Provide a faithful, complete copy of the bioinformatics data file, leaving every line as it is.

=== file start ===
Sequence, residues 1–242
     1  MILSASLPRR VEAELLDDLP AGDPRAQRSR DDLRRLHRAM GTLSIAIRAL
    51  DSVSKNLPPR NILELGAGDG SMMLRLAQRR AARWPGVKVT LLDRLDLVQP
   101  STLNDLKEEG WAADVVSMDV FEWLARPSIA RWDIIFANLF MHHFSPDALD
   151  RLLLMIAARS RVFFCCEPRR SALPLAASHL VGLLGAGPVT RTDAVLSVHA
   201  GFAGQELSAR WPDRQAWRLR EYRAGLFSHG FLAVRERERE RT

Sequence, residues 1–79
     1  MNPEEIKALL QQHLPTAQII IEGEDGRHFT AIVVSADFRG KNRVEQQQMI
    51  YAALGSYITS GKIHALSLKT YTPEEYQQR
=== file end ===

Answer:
Sequence, residues 1–242
     1  MILSASLPRR VEAELLDDLP AGDPRAQRSR DDLRRLHRAM GTLSIAIRAL
    51  DSVSKNLPPR NILELGAGDG SMMLRLAQRR AARWPGVKVT LLDRLDLVQP
   101  STLNDLKEEG WAADVVSMDV FEWLARPSIA RWDIIFANLF MHHFSPDALD
   151  RLLLMIAARS RVFFCCEPRR SALPLAASHL VGLLGAGPVT RTDAVLSVHA
   201  GFAGQELSAR WPDRQAWRLR EYRAGLFSHG FLAVRERERE RT

Sequence, residues 1–79
     1  MNPEEIKALL QQHLPTAQII IEGEDGRHFT AIVVSADFRG KNRVEQQQMI
    51  YAALGSYITS GKIHALSLKT YTPEEYQQR